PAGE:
Few investors take into account the size of the funds they are looking to buy although a growing body of IFAs believe this is an oversight which can leave investors with funds which fail to match their expectations.
But there is no consensus over which are better – small or big funds.
Hargreaves Lansdown believes that small funds tend to outperform when married to good management. To make its case, HL points to the all companies sector. According to Lipper, eight of the 10 best-performing funds in the sector are less than £25m in size while the bottom 20 funds include nine above £100m, featuring giants such as Scottish Life's £1.4bn UK equity fund and the £1.2bn Abbey National UK growth fund.
HL head of research Mark Dampier says: “If you have a good fund manager with a small fund, it will usually do well. It is a potent mix. Plenty of funds start off brilliantly after launch but then struggle as they hit the £60m-70m mark, often forcing them to move up the cap range. It can hinder their ability to manage.”
Dampier particularly rates the UBS UK smaller companies fund, currently less than £10m, and Invesco Perpetual's UK recovery fund, which is barely more than £2m. As newly launched funds, neither has a track record over one year, which means they are not on the buy lists of IFAs reluctant to recommend funds without proof of consistently good performance.
Dampier says this screening process is “completely insane” as it means investors often miss a fund's best years. He believes the lack of a track record is no problem for a fund as long as its manager has a good performance history with other funds.
Dennehy Weller managing director Brian Dennehy says he would not consider recommending a fund of less than £25m because of the risks involved.
He says: “Funds under that size are wholly inappropriate to most investors because the reality is that many of them are being run by one man and his dog as a hobby. They do not have the support of the bigger funds.”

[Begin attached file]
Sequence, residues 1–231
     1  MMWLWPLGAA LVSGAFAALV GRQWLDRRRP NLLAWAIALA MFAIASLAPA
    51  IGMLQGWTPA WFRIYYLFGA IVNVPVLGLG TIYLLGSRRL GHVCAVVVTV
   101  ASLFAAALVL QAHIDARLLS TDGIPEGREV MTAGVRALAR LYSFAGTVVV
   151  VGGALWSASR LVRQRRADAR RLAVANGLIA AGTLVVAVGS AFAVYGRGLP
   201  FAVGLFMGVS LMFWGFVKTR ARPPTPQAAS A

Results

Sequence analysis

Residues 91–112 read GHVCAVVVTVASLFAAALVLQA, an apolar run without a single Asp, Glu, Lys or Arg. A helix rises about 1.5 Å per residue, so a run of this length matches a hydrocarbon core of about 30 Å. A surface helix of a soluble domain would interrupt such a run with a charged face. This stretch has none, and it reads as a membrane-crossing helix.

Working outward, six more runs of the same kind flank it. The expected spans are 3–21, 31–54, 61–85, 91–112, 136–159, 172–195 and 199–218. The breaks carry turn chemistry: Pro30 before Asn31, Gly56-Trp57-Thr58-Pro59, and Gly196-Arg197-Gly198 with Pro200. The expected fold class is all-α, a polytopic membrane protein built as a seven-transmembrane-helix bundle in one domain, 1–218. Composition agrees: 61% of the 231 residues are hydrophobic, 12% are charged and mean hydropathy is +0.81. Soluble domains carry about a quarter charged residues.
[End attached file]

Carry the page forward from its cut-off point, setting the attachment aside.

Dennehy makes a point of monitoring the performance of funds over his preferred size of £400m. Of the 40 funds that fall into this category, he says 19 have outperformed their respective indices over the last three years.
He believes big funds benefit from the scrutiny they come under by IFAs, investors and the press, who tend to slam underperforming funds which have thousands of investors. Dennehy also suggests that the lack of liquidity in bigger funds is not a problem because the managers “tend to get it right first time, every time”.
Fund manager Patrick Evershed used to run Framlington's capital fund when it was around £125m. But years later, when he moved from Rathbone Unit Trust Managers to New Star, where he now manages the select opportunities fund, he insisted that his new fund should be capped at £50m. Rathbone had been allowing investors in his old special situations fund to transfer to New Star free of charge, encouraging a flood of investment.
Evershed says: “As long as I am getting an idea every week or 10 days, I can cope with small amounts of money coming in. Anthony Bolton has done this for years and his fund has grown to £1bn. But if you get tens of millions of pounds all of a sudden, it is difficult to find enough ideas to invest the money.”
Evershed believes the liquidity problems faced by managers with big funds are largely mitigated by the fact that brokers take monolithic funds – which generate hefty commission – more seriously. Nevertheless, he says funds become more difficult to manage when they hit £200m, regardless of broker input.
Perhaps multi-managers are in the best position to judge whether small or big is better. Credit Suisse Asset Management believes there has been a shift in the attitude of the big houses to make retaining existing assets under management their number-one priority.
Joint head of multi-manager Gary Potter says: “The dominant attitude now is, let's not take too much risk, let's just take the index-plus approach. It is not fair to say that big funds cannot outperform – look at Anthony Bolton's and Roger Guy's at Gartmore – but it is easier for smaller funds to generate good performance.”
CSAM's top 10 positions reflect this, with funds from Liontrust, Thames River Capital and JO Hambro beatingfunds from the bigger houses. Potter says CSAM is currently biased towards sma-ller companies with small funds – a situation he sees contin-uing for the foreseeable future, as he fears that most big funds will regress to the mean or worse.
Although the market appears to be favouring smaller funds, there are sizeable funds performing well. But the fact that these tend to be run by the heavily incentivised big hitters who maximise the resources which have been tailored specifically to their requirements indicates the problems that beset such huge funds. David, for the time being at least, is beating Goliath.